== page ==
"When the ducks quack, feed them," the Wallstreet saying goes. When investors clamored to participate in the mortgage banking excesses, banks like Goldman Sachs promoted the sale of overvalued products that eventually were doomed to fail.
However the Securities and Exchange Commission (SEC) and the Federal Bureau of Investigation (FBI) have been catching up with the banking giant's misdeeds. In April 2010, the SEC filed its first action against a Wall Street agreement that helped investors make money on the collapse of the housing market.
In July 2010, the government settled with Goldman Sachs, which agreed to pay over half a billion dollars in penalties. The fine was the largest penalty ever assessed against any investment bank or other Wall Street firm in the history of the SEC.
The SEC lawsuit accused Goldman Sachs of creating and selling mortgage investments that were secretly intended to fail. Two members of Goldman Sachs' structured products group made a profit of $4 billion by anticipating a collapse in the sub-prime market and short selling mortgage-related securities.
Problems Goldman Sachs has faced include:
- Criticism for being involved in the 2010 European sovereign debt crisis.
- A letter of resignation by Greg Smith that was printed in the March 2012 New York Times attacking the company's leaders for a "toxic and destructive" environment where the best interests of the client are sidelined.
- A 2008 Los Angeles Times report that the company, which earned $25 million from underwriting California bonds, advised clients to short sell these bonds.
- A 1986 conviction of two Goldman Sachs employees for insider trading.
- The April 2010 insider trading case against Rajat Gupta, director of Goldman.
- Accusations that the company inflated financial earnings reports in December 2008/January 2009. Gupta was already serving time in prison for previous fraudulent conduct.
- Questions about the 2008 AIG bail-out and the bank's relationship with AIG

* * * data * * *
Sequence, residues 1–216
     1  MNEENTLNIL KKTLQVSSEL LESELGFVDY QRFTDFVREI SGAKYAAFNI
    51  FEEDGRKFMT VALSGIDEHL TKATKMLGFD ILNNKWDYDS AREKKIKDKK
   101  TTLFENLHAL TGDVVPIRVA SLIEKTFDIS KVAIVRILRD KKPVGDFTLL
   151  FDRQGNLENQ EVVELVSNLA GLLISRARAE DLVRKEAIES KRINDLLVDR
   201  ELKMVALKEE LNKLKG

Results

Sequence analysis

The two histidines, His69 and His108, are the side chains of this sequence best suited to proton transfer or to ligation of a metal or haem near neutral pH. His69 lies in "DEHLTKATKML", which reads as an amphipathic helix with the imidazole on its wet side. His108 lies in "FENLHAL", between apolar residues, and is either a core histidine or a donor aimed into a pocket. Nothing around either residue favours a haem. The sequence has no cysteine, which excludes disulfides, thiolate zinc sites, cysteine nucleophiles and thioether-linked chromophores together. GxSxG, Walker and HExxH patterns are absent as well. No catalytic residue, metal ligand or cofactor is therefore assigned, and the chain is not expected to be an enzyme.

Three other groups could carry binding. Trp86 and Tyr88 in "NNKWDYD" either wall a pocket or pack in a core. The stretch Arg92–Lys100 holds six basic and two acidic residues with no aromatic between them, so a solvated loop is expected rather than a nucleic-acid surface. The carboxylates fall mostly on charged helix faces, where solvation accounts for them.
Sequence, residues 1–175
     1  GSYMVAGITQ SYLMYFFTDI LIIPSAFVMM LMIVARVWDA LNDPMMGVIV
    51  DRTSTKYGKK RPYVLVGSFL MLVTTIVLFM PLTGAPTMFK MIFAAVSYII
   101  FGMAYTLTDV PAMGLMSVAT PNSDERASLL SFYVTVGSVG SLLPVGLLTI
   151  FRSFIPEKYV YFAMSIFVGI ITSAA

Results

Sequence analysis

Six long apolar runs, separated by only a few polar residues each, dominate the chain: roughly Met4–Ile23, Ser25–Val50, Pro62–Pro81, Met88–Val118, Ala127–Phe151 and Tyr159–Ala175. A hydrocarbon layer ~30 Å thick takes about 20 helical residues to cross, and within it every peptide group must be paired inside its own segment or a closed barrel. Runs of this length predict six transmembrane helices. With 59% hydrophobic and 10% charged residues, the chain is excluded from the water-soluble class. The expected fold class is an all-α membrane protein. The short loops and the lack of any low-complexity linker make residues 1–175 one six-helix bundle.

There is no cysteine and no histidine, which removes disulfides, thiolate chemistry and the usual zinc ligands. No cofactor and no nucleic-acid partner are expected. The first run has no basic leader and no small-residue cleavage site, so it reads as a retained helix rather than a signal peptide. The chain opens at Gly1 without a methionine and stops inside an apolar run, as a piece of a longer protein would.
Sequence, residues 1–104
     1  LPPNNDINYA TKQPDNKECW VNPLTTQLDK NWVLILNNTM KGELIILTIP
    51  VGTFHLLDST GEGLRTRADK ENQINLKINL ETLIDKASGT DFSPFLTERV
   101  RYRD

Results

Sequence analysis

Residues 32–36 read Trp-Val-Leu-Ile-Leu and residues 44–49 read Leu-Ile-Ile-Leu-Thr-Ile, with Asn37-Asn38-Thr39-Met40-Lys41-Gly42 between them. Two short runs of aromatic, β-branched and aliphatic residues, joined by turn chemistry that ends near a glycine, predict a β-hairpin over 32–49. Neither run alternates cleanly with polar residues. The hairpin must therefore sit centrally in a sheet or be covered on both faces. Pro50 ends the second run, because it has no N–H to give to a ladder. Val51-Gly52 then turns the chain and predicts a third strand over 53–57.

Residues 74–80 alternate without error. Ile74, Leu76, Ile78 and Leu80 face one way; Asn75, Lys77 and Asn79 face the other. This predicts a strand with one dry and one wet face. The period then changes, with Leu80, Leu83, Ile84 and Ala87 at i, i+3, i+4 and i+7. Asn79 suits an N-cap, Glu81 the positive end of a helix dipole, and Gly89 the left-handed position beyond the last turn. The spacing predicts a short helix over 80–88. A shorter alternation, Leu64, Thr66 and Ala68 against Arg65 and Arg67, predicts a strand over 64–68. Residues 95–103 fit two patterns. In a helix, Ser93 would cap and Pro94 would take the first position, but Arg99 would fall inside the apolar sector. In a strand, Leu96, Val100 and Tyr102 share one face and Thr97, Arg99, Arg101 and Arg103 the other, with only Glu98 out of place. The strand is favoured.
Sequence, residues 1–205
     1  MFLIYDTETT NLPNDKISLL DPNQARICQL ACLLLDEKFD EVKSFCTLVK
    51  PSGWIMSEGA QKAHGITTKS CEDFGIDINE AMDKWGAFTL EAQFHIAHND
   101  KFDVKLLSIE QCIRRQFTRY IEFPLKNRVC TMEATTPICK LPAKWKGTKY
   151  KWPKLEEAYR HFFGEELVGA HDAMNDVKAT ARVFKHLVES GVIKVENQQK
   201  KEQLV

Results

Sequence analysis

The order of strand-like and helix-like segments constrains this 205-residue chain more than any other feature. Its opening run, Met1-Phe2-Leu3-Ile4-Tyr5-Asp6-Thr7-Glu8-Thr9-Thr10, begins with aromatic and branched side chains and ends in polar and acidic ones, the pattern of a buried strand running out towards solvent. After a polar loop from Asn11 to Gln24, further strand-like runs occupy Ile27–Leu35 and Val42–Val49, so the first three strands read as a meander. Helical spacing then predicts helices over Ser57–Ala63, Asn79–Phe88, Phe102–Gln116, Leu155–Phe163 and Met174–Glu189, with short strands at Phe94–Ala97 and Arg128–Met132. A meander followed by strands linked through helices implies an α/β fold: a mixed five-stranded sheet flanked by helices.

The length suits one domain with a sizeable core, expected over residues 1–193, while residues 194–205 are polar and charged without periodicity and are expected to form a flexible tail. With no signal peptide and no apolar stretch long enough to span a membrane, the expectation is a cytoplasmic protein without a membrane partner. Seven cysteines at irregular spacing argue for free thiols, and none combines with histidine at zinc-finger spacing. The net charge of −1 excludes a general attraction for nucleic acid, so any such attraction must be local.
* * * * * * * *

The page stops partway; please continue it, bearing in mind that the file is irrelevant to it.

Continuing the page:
- Allegations about ties to Goldman Sachs by former chairman of the Federal Reserve Bank in January 2008.
- Accusations surrounding a $60 million settlement to end an investigation by the Massachusetts attorney general's office seeking information on whether Goldman Sachs helped to promote unfair home loans in the state.
- Accusations in a 2009 New York Times article that Goldman Sachs created a complicated product called collateralized debt obligations, sold it to investors, then bet short against them.
- Criticism that the company contributed to the 2007-2008 world food price crisis.
Goldman Sachs: HistoryThe Bank was founded in New York in 1869 by the German-born Marcus Goldman. His son-in-law, Samuel Sachs joined the company in 1882. Two others joined the firm in 1885, Goldman's son and another son-in-law, at which time the firm took on its current name.
It was a pioneer in the use of commercial paper for entrepreneurs and was invited to join the New York Stock Exchange in 1896. In the stock market crash a fund started by Goldman Sachs failed and the company's reputation suffered. Over the coming years it re-established its reputation by investing for the long term as opposed to short-term gains.
In 1999, the firm decided to go public, but offered only a small part of the company to the public, continuing to hold back 48 percent for its partners.
In 2007, the firm became entangled in the sub-prime home lending crisis.
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